OffsetRect(r, 15, 15);
 ForeColor(cyanColor);
 FillOval(r, black);
 OffsetRect(r, 15, 15);
 ForeColor(magentaColor);
 FillOval(r, ltGray);
 ForeColor(blackColor);
END;

END.


* Code Tester.R resources
* by Jeff Fox
*
Testor.RSRC
????????

Type COTE = STR 
  ,0    ;;0 by convention
J. E. (JEFF) Fox   Ver. 1.1  8 Feb. 1987 \A9 J.E.Fox .

Type BNDL
  ,128
  COTE  0
  ICN# 1
  0 128  1 129
  FREF 2
  0 128  1 129

Type FREF
  ,128
  APPL  0 ;; local id 0 for icon list
  ,129 
  TEXT 1;;Doc’s File Type, Local id 1 for icon list 
  
* ------ Multifinder --------
 
Type SIZE = GNRL
 ,-1
.I
16384 ;; $4000 = bit 14 set
.L
223232  ;; 250K less 32K =220K (for 250K recomended)
.L
172032  ;; 200K less 32K = 120K (for 200K minimum)

Type ICN# = GNRL
  ,128 (4)  ;; The Appl. Icon
.H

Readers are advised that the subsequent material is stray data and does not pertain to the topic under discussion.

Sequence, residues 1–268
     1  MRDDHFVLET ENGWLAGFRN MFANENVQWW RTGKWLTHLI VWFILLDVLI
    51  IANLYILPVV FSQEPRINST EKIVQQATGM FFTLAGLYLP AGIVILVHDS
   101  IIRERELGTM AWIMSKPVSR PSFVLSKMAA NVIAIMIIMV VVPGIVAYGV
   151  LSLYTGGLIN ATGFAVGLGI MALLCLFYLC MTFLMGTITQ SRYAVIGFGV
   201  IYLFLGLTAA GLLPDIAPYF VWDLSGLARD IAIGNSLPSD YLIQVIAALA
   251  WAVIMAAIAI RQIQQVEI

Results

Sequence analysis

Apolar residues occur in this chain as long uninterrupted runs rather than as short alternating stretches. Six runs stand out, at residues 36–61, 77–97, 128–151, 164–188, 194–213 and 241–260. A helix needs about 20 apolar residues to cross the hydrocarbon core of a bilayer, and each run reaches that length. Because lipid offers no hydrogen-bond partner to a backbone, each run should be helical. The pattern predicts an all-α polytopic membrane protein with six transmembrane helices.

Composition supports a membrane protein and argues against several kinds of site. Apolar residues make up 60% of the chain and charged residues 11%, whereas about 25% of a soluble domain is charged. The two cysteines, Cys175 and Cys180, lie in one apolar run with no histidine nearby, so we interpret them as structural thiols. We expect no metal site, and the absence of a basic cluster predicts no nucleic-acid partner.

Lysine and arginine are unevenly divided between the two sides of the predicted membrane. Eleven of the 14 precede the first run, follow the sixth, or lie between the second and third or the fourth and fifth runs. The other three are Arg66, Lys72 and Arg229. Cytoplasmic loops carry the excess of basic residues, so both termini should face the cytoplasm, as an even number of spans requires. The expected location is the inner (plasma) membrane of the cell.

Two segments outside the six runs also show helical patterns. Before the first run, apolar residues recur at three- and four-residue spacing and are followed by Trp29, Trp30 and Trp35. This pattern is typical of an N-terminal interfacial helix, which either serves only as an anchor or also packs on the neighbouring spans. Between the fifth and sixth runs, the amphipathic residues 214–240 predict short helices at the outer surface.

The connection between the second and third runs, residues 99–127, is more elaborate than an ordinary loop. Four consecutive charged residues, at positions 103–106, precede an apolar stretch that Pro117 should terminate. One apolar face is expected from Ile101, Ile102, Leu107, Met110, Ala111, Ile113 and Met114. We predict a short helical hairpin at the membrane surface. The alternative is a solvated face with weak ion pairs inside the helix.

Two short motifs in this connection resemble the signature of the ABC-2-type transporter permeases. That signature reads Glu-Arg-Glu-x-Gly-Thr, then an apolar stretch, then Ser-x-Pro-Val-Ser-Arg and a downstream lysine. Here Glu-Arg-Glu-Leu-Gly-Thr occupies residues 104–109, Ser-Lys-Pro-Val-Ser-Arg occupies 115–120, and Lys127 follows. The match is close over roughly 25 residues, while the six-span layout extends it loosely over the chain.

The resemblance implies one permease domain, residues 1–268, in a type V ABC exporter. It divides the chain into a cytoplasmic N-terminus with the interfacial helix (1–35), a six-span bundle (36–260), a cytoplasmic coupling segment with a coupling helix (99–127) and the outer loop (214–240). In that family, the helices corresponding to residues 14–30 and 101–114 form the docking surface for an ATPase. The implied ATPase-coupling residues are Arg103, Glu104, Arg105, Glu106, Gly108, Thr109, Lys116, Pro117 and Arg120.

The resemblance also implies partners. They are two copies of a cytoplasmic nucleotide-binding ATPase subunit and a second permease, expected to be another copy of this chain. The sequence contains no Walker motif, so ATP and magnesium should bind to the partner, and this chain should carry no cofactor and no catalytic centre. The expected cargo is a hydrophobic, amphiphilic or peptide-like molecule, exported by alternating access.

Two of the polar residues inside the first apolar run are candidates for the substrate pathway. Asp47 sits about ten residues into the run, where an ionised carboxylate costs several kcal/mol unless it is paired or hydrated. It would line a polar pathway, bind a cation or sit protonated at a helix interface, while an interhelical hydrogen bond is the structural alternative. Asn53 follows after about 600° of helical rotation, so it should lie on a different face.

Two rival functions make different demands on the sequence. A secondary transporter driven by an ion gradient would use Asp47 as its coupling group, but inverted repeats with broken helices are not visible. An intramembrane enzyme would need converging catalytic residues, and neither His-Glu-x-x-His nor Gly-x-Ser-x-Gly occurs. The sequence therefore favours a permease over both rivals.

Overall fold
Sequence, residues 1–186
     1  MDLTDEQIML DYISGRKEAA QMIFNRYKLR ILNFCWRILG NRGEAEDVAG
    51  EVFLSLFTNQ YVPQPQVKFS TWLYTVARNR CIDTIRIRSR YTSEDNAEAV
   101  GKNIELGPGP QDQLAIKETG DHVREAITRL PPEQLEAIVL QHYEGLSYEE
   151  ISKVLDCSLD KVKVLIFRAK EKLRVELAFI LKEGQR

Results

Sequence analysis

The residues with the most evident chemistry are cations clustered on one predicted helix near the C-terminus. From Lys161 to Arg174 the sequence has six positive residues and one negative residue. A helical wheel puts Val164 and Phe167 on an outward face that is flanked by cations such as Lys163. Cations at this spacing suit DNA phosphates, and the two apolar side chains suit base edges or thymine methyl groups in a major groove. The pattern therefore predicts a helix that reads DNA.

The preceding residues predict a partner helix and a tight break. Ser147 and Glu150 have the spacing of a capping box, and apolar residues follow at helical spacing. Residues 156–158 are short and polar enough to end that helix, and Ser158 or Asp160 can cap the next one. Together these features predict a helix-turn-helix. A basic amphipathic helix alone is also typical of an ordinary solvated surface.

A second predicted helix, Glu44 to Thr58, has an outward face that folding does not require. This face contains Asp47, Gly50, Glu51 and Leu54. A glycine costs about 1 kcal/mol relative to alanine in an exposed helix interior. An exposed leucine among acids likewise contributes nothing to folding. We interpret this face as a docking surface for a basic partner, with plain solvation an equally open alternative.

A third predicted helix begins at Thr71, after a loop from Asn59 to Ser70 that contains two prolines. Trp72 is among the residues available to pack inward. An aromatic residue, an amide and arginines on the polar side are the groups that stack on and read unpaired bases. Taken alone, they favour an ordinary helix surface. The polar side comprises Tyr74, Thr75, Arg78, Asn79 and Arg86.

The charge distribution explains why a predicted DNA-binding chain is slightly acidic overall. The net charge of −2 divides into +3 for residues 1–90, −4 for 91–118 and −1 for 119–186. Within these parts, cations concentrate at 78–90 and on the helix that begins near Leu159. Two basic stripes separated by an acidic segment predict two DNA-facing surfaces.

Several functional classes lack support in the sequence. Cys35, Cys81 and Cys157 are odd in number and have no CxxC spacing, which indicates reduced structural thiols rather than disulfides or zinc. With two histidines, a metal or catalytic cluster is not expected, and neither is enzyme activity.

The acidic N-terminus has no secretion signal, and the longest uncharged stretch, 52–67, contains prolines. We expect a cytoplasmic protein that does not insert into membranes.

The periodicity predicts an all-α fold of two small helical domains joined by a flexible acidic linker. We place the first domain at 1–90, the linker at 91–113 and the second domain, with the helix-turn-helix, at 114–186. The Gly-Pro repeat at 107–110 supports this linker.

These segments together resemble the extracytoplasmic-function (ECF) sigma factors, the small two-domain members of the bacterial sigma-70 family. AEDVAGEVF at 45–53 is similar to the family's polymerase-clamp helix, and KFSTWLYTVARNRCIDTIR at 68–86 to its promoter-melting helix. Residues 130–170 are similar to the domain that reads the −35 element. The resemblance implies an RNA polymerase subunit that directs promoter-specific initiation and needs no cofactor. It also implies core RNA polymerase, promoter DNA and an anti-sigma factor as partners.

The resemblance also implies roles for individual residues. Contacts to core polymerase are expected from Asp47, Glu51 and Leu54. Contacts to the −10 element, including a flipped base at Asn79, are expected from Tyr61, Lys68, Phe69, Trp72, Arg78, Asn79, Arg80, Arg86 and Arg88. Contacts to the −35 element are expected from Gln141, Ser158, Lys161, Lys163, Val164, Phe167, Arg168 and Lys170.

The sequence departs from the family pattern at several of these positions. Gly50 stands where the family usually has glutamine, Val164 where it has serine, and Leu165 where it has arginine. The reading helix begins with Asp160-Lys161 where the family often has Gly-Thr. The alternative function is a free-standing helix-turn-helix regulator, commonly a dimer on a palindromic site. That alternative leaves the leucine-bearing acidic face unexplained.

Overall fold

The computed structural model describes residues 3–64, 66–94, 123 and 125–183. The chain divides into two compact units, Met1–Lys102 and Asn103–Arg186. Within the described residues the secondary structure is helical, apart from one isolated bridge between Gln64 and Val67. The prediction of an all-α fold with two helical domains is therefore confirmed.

FFFFFFFF C0000003 BFFFFFFD A0000005
A0000005 A0000005 A0000005 A0000005
A0000005 A3FC3FC5 A0402005 A0402005
A0402005 A0402005 A0402005 A0402005
A0403E05 A0402005 A0402005 A0402005
A0402005 A0402005 A0402005 A0403F85
A0000005 A0000005 A0000005 A0000005
A0000005 BFFFFFFD C0000003 FFFFFFFF
*
FFFFFFFF FFFFFFFF FFFFFFFF FFFFFFFF
FFFFFFFF FFFFFFFF FFFFFFFF FFFFFFFF
FFFFFFFF FFFFFFFF FFFFFFFF FFFFFFFF
FFFFFFFF FFFFFFFF FFFFFFFF FFFFFFFF
FFFFFFFF FFFFFFFF FFFFFFFF FFFFFFFF
FFFFFFFF FFFFFFFF FFFFFFFF FFFFFFFF
FFFFFFFF FFFFFFFF FFFFFFFF FFFFFFFF
FFFFFFFF FFFFFFFF FFFFFFFF FFFFFFFF

  ,129      ;; The Doc Icon
.H
0FFFFC00 08000600 08000500 08000480
0FE00440 09000420 090007F0 091F0010
09100010 09100010 091C0010 09100010
08100010 08100010 081F0010 08000010
08007C10 08004010 08004010 08007010
08004010 08004010 08004010 08004010
08000010 08EEBDD0 08000010 08000390
09AE7010 08000010 08000010 0FFFFFF0